But when you re-frame the question to explore what is inauthentic, it’s very hard to argue one place being more or less authentic than the other. Provided everyone is being themselves.

I don’t exactly see Beijing pretending to be Shanghai any more than it would pretend to be Yunnan.

So when we re-frame that question to explore what’s inauthentic, it brings something quite different to me to the question of what is authentic.

Perhaps these opposites provide balance to the conversation. If we are to define what something is, then we need to define what it’s not. And by defining both, it enables us to come to greater clarity on what something is.

Given that our conversation was about authentic sustainability and now that we’ve established that definitions are good, one definition of sustainability used today was that attributed to John Ehrenfeld:

“Sustainability is the possibility of human and other life flourishing on earth forever.”

Sounds a bit hippy-esque, but essential it boils down to how people and other life forms can be awesome and at their best all the time and for all of time.

Stated in another way, sustainability is a pathway to planetary, organizational, and human flourishing.

As the conversation warmed up about how we understand and perceive authentic sustainability, we discussed as a group about conversations between people we labeled either as “effective” or “stuck” conversations.

 

And as we listed takeaway soundbites from the conversations around effective and stuck conversations we had with our neighbors, as a group we started to see the patterns where effective conversations were often when both sides focused on the mutual benefits.

Whereas in stuck conversations, there were always feelings and background conversations in our own heads that we were not dealing with openly that seemed to halt progress – often on both sides.

What really started to come out for me from there on out is that it doesn’t matter if you’re talking about sustainability or something else. The type of thinking we’re talking about with authenticity comes down to whether or not we’re ready to get real with ourselves because this has a major influence on how we relate to and interact with others.

My thinking started to drift into thinking about my authentic self. My relationships with others. How things were working and how things were not? What mattered to me and what mattered to another in this moment or that? I tried to bring a balance to both sides, both arguments, both thoughts, feelings, and words, in order to bring greater clarity to a particular situation from days gone by that was never resolved.

And I considered how I could have chosen to act – or react – differently.

One thing I realized over the course of today is that I can be quite emotional about the people and things I care most about.

And when it comes to those people and about those things, I am probably the least vocal about expressing my emotions.

I’ve never really admitted this to myself before.

And when I think of what I actually want out of life. It’s not to not communicate what I’m thinking and feeling, especially when it matters most.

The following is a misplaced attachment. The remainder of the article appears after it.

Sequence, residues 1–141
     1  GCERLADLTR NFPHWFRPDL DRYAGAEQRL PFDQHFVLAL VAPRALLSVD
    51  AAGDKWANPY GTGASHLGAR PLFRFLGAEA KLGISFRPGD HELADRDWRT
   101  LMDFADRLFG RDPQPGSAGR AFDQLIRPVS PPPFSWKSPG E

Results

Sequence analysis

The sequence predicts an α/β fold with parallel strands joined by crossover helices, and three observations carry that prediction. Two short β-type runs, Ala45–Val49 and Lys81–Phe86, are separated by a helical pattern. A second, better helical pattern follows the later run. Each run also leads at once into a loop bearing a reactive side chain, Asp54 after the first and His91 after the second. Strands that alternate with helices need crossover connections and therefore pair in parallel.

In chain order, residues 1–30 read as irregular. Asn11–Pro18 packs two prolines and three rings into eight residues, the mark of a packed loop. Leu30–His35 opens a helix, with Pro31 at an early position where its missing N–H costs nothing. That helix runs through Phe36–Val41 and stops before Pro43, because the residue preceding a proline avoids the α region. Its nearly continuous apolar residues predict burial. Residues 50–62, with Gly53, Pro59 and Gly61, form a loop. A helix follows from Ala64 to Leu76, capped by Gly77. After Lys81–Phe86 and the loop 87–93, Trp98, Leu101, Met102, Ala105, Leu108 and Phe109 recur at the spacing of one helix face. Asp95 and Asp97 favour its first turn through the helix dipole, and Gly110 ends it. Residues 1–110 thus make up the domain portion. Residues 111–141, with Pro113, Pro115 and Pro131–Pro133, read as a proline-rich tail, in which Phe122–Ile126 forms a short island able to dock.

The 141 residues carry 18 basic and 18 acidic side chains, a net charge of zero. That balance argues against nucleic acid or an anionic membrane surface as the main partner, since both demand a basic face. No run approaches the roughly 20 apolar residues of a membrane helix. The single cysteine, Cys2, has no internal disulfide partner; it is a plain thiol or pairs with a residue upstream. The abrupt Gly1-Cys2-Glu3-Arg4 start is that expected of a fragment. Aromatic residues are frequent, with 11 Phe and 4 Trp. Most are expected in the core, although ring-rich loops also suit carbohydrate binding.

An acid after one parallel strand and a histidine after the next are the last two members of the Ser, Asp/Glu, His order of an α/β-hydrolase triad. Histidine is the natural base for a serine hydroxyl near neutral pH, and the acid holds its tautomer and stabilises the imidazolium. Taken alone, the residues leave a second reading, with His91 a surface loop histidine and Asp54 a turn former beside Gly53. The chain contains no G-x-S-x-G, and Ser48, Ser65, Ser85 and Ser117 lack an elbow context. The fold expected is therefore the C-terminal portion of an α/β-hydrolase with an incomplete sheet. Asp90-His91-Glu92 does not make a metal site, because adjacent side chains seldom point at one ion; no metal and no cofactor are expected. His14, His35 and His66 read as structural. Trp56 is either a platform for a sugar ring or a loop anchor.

This is an important part of who I am. When something matters, it matters. Holding that in doesn’t appropriately enable me to communicate to the people I care about or to others about the things I care about. And that was lost during my time in the dark.

Fortunately I came to realize that the only way for this to change is for me to more regularly express. Which is what this 60-days of writing has been about. Practicing expression. Being vulnerable with myself by opening myself up to these conversations with myself and with others.

But enough about me for the moment, how about you?

What is authenticity for you? What does it mean to be inauthentic?

What is the authenticity that you experience and appreciate?

Is there anything about your authentic self that you’re keeping locked away?

It might not be something you – or others close to you – even realize. But if you take some time to look, to listen to yourself, and to others, you may find something unexpected that might make you feel just a bit more sustainable i.e. fully and completely and extra alive.

i.e. an even better version of your best self.

Didn’t think it was possible?

Well, you’ll never know if you don’t take the time to look and listen.

—–

Interested in more on Authentic Sustainability? Learn about Gabriel and Jason’s work here.

“Sustainability”

Over the past few months I’ve had a chance to talk to quite a number of people around New Haven – and beyond – about the topic of “sustainability.”

People sure love to buzz about it.

Sustainability this. Sustainability that.

Both through reading and conversation, it seems like there’s a lot of people out there who seem to feel that “sustainability” is somewhere between a load of BS and something that just can’t really be defined.

But is this any different from anything else that’s hard to define?

As this concept continues to penetrate our mainstream mind and thoughts, it’s only more important that we think – on our own and in groups – about how we define it today with an eye towards something, somewhere further into the future.

That’s why these recent conversations have been so excellent. Conversations with thoughtful people who are also struggling around what “sustainability” is has been great.

Because when one tackles something so large, something that you can come at from so many different angles, a range of perspectives shared between strangers who share a mutual interest in understanding and doing something with this enhanced understanding is invaluable.

It can be through the struggles and through the hard times, where the future is hard to see or know, that can result in the greatest momentum, of growth, and outcomes.

It would be hard for me to put together everything I’ve learned in these past few months right here, right now, and combine that with the amount of thinking I did about this while living in China’s biggest northern city and one of its smaller Southwestern villages over the past decade.

But my answer today, is a lot like answers look on Jeopardy: in question form.

Given the magnitude of the conversation around sustainability, it’s hard to find that an answer that’s one size fits all.

And perhaps that’s the point when we’re thinking about what it means or what it can mean.

So yes, of course, everyone has a different definition.

Which means the real question is: what can and does it mean for us?

And what can we do about it today as we think a bit about tomorrow?